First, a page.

While ethno-nationalism was rejected many places elsewhere in the post-war world, it thrived and developed into it's own peculiar brand in the Baltics. The Baltic people would come to identify as a unified nation through their common strife for survival all the while retaining their historical ethnic identities, the idea that three neighboring nations could overcome their historical division through common strife and cooperation becoming the cornerstone of their new shared identity and a great source of national pride.

By 2075, the Colonel regime had consolidated power and rebuilt civilization in the Baltics enough to set up some semblance of a civil government. The proclamation of the Articles of the Union on May 15, 2075 is considered the founding date of the Baltic Union, since celebrated as the Union Day.

The Liberation Wars

The newly forged Union would face it's first serious trials during the Salvagings in the late 2090's that were taking place in the Russia at the time as the Mechanocracy of Russia was rising to power. Considering the Baltic States part of their historical territory, the Mechanocracy attempted two invasions of the Baltics, putting their doctrine of "total defense" to a whole new level of test. While previous incursions by various warlords and minor states from the East had succeeded in temporarily capturing significant territories in the Baltics, none had come close to a full-scale military occupation. The two invasions in 2095 and 2107 both managed to temporarily overrun the entirety of the Baltic Union and maintain an occupation for roughly a year and a half each before finally being driven out by stubborn resistence. In both cases, the Balts stubbornly maintained a policy of total non-cooperation along with incessant active resistence, entire communities going underground in a literal as well as a figurative sense, while those remaining above would refuse to cooperate with the invaders on even the slightest degree and sabotage the efforts of their authorities at every opportunity even in the face of brutal reprisals for every act of defiance.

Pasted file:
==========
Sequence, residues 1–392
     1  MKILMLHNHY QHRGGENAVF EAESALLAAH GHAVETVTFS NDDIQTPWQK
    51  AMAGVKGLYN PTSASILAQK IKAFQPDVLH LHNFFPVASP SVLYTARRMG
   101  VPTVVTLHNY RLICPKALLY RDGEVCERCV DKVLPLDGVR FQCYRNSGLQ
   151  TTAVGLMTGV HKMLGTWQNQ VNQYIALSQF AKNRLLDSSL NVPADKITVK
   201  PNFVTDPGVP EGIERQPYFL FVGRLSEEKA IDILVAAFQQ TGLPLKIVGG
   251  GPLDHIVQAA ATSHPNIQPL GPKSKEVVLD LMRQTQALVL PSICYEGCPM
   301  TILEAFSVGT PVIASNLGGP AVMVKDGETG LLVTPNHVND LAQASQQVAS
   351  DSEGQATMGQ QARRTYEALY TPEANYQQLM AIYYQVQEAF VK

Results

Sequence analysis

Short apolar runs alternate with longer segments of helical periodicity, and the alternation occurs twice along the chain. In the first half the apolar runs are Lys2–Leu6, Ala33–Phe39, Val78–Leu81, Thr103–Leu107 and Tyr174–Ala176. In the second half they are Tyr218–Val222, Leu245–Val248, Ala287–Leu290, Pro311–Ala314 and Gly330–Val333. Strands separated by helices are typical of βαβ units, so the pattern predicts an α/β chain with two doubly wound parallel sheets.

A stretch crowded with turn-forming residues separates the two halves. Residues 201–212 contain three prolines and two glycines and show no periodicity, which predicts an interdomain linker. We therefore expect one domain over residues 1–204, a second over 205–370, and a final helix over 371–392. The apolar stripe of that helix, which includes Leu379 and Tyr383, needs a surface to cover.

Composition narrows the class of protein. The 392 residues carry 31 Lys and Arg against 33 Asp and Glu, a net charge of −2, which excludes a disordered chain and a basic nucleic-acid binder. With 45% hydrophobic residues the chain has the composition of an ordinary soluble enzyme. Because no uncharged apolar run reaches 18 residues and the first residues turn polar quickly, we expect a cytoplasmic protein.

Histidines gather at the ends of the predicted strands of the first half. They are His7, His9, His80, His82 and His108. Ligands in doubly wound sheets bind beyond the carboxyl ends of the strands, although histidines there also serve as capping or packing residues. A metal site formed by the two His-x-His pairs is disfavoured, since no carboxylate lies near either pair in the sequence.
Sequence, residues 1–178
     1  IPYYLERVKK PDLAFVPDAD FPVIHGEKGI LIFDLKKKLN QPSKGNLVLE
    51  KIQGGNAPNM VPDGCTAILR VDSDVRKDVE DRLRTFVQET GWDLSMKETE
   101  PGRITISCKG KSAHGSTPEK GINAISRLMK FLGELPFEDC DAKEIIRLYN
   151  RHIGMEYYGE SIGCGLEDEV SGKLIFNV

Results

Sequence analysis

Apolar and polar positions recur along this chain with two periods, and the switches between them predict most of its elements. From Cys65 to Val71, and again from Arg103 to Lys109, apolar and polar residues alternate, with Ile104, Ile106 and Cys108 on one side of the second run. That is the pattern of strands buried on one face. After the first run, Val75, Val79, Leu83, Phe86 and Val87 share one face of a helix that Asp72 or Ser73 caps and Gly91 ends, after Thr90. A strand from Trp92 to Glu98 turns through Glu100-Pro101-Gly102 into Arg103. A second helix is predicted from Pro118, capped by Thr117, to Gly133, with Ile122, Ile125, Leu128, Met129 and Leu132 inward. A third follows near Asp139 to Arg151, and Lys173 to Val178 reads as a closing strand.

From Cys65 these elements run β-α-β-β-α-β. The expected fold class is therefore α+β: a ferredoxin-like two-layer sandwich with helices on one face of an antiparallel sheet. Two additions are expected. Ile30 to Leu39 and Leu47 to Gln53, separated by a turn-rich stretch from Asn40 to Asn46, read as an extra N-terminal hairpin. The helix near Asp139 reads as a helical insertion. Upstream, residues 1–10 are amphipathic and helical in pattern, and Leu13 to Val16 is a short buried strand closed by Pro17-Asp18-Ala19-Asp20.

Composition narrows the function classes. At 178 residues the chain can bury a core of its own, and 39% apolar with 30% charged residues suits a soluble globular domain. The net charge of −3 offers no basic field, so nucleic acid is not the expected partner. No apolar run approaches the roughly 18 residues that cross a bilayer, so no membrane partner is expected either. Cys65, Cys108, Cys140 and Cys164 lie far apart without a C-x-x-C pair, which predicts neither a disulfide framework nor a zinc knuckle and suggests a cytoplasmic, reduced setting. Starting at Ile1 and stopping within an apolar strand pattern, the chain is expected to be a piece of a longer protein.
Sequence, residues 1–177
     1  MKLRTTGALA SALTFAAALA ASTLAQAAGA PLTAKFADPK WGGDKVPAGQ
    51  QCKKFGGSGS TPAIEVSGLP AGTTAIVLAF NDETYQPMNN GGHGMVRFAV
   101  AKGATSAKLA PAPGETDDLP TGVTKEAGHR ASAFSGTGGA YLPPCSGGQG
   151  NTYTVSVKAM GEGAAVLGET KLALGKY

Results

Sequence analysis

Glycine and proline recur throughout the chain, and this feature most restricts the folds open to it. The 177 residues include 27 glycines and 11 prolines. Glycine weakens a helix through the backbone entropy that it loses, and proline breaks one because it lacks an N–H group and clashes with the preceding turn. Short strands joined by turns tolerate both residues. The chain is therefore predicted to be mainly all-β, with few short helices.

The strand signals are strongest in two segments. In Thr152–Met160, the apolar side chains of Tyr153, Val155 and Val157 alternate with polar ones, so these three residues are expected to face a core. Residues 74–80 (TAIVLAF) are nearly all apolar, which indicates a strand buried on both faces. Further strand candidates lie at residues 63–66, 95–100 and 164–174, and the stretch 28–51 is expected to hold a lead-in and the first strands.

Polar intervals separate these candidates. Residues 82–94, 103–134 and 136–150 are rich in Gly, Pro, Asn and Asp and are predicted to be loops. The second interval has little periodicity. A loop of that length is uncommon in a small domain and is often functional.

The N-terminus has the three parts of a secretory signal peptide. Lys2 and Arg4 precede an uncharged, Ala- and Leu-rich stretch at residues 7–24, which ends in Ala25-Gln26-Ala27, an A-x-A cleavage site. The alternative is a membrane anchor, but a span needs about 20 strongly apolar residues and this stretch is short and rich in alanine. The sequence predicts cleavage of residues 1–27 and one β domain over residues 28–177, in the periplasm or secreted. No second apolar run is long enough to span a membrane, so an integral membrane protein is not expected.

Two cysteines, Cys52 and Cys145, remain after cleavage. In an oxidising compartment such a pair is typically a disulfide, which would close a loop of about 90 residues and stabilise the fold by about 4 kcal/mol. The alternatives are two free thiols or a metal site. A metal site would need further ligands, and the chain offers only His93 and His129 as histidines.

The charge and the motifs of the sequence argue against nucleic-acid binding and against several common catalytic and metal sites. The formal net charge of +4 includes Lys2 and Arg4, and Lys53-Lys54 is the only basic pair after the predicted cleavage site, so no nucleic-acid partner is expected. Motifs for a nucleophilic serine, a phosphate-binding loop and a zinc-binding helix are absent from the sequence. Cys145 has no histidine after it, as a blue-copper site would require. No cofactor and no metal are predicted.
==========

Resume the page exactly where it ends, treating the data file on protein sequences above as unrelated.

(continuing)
The older Mekh veterans of these Baltic campaigns are rarely fond of recounting their experiences from these failed campaigns. Mecharussian soldiers patrolling the streets would be spat upon and hurled insults at by every bypasser, there always being the risk of a brick or something worse happening amidst the said insults, spittle and refuse. Establishments would refuse to serve them, those compelled at gunpoint often demonstratively spitting in their food in plain sight even if the act was often followed by a violent beating or even summary execution. People in the streets would demonstratively turn their backs on any passing Mekh and refuse to speak to them in Russian, this refusal being maintained even by native Russians, or indeed speak to them at all. People would ignore orders of occupation authorities to report in for duty and ignore curfews, deliberately appearing in the streets en masse after curfew in order to be too many in number to arrest, leaving patrols with little options besides indiscriminately gunning them down. They would demonstratively continue to celebrate national festivities and sing patriotic songs despite an official ban. When forcibly assembled to witness public executions of resistence fighters and others who had fallen into hands of the Mekh authorities, the people would loudly encourage the condemned to meet their death with pride, emboldening them with patriotic songs and loud pledges to avenge them, every public execution almost invariably being followed by a violent riot and scores of insurgent attacks, which eventually forced Mekh authorities to do away with public executions entirely. Those natives who broke this code of absolute non-cooperation and defiance risked being branded as collaborators and subjected to violent beatings or worse. Both Mecharussian occupations were marked by a reign of terror, featuring routine mass executions and deportations in reprisal for the constant acts of defiance and guerilla attacks. However, unable to take out the key leaders of Baltic society as nearly all of them were dispersed across the country and capable of operating independently according to a pre-planned policy, the authorities couldn't do much to disorganize the resistence movement. The wholesale capture and execution or deportation of defiant populations was likewise much easier said than done in a country where even school-age children were more than capable and willing to kill and be killed, every such act of repression only yielding another spike in guerilla activity and costing hundreds of Mecharussian lives. Eventually, Mekh troops withdrew to their bases and strongpoints and rarely dared to venture outside them especially after nightfall, the mounting casualties and the effective paralysis of the occupation authorities forcing their eventual withdrawal in humiliation.